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Behind the Scenes of the State Budget
week the State Capitol was a little quiet compared to the last
several months of activity. As we await the new state revenue
numbers that are expected during the first week of May, the
Joint Finance Committee (JFC) took a short break to work on
motions, study our budget papers and prepare for non-stop budget
work in May.
look toward the next several weeks, I thought it might be
helpful to tell you about the “Behind the Scenes” happenings of
the State Budget. Most residents of our state see very little of
this complicated process that has huge impacts on each and every
life in our state. I hope the following overview is helpful in
your understanding of the process. You have a very important
role to play!
The state budget is based on a two-year cycle, called a
biennium, stretching from July 1 of odd-numbered years through
June 30 of the next odd-numbered year. The current budget
(passed in June, 2013) lasts from July 1, 2013 to June 30, 2015.
The budget we are currently working on will be in effect from
July 1, 2015 – June 30, 2017.
The current budget process statred during the fall of 2014. Late
last year, all of the state agencies determined their funding
and staffing needs for the next biennium. They also worked on
major administrative and policy changes that have a fiscal
element, which could be included in the budget proposal.
The requests and recommendations from each agency were submitted
to the Governor. The Governor and his team analyzed all of the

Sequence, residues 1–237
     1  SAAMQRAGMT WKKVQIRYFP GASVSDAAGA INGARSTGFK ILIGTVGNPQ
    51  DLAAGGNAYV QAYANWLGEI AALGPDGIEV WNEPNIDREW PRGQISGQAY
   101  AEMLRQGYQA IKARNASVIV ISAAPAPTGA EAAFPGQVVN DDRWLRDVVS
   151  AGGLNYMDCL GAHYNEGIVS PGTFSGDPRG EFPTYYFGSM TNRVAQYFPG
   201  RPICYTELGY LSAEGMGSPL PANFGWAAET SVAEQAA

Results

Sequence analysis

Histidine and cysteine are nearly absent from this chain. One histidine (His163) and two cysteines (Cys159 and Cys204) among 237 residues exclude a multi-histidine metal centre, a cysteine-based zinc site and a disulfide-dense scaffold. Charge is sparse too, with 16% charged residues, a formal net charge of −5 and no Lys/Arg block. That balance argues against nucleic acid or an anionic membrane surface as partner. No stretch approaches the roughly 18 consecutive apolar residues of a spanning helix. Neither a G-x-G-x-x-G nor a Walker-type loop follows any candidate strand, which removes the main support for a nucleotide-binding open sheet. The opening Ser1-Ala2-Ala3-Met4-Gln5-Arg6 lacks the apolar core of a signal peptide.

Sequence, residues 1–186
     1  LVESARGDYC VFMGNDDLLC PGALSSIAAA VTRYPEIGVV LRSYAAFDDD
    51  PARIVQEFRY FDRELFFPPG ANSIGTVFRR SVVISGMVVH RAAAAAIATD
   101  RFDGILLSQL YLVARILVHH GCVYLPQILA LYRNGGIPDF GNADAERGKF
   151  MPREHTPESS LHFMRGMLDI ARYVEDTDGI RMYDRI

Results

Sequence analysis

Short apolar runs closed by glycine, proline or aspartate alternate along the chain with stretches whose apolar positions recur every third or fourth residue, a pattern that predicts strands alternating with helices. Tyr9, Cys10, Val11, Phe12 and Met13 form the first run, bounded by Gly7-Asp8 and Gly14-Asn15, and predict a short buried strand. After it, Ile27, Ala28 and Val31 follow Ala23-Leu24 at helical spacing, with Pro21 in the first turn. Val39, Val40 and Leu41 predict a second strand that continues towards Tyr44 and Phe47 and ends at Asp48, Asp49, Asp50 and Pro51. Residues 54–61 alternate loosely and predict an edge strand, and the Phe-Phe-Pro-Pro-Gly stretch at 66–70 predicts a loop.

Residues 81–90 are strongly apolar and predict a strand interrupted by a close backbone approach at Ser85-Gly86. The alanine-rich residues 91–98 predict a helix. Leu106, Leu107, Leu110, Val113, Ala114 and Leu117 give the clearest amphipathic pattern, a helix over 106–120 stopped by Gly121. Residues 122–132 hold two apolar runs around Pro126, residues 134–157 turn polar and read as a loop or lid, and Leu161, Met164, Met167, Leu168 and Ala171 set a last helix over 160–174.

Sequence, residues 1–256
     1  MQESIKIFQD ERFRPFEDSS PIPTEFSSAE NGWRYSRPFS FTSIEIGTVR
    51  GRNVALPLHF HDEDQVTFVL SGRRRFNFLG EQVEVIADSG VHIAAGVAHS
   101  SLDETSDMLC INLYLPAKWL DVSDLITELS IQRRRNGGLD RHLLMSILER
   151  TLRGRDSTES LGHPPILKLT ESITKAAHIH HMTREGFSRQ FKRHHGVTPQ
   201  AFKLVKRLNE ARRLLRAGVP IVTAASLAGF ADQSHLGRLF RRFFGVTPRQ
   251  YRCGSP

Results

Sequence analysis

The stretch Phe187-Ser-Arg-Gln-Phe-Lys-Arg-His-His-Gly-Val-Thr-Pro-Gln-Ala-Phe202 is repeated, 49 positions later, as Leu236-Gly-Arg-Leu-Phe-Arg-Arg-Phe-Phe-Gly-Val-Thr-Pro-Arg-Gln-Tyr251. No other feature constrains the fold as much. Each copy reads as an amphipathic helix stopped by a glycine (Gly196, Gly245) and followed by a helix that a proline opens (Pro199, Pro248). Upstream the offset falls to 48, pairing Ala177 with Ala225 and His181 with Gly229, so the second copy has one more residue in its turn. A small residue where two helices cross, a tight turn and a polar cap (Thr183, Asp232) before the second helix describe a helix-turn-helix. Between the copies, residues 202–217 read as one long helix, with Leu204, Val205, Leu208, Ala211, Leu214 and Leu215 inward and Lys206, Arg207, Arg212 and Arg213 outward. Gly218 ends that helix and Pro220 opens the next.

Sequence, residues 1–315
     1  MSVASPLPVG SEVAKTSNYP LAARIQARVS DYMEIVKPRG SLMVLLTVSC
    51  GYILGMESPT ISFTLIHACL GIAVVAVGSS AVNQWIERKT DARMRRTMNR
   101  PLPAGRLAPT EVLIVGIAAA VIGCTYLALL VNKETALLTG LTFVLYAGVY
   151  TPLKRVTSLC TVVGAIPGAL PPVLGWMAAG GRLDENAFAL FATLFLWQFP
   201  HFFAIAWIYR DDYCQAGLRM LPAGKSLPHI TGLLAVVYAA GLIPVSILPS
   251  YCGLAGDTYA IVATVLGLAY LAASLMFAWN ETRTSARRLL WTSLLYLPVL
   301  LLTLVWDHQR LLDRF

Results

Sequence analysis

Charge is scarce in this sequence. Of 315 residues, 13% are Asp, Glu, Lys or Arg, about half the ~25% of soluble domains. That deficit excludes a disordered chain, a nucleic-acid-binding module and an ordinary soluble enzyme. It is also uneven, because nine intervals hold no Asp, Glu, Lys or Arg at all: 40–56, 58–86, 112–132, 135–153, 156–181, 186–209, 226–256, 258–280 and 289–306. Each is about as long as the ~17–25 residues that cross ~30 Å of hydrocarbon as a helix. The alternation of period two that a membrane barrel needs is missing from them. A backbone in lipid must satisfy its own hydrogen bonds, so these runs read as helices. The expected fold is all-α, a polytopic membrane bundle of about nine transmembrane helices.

requests and ideas in combination with other priorities and
In February, the Governor introduced his budget to the
legislature and gave his biannual Budget Address, in which he
described many big-picture priorities and initiatives.
Once the budget was introduced, the bill was referred to the JFC
for initial legislative consideration. As a member of this
committee, I have the unique opportunity to make legislative
changes to the budget.
The JFC receives a lot of education and input as we review the
budget in its entirety. Since February, we have had agency
briefings, in which each agency presents their budget and
answers questions from legislators. The non-partisan Legislative
Fiscal Bureau (LFB) also provides an objective overview of the
budget proposal and answers hundreds of questions with amazing
depth. The LFB is an awesome resource!
As many of you know, we held public listening sessions in each
of our districts individually and four state-wide public
hearings in locations throughout Wisconsin, including one in
Each of us has been seeking input from stakeholders, citizens
and leaders in our districts about specific topics and inviting
our constituents to provide feedback with their concerns. We
have sought input from experts and studied the bill in great
Once the public hearings were concluded, all members of the
legislature started working on Budget Motions. Motions are our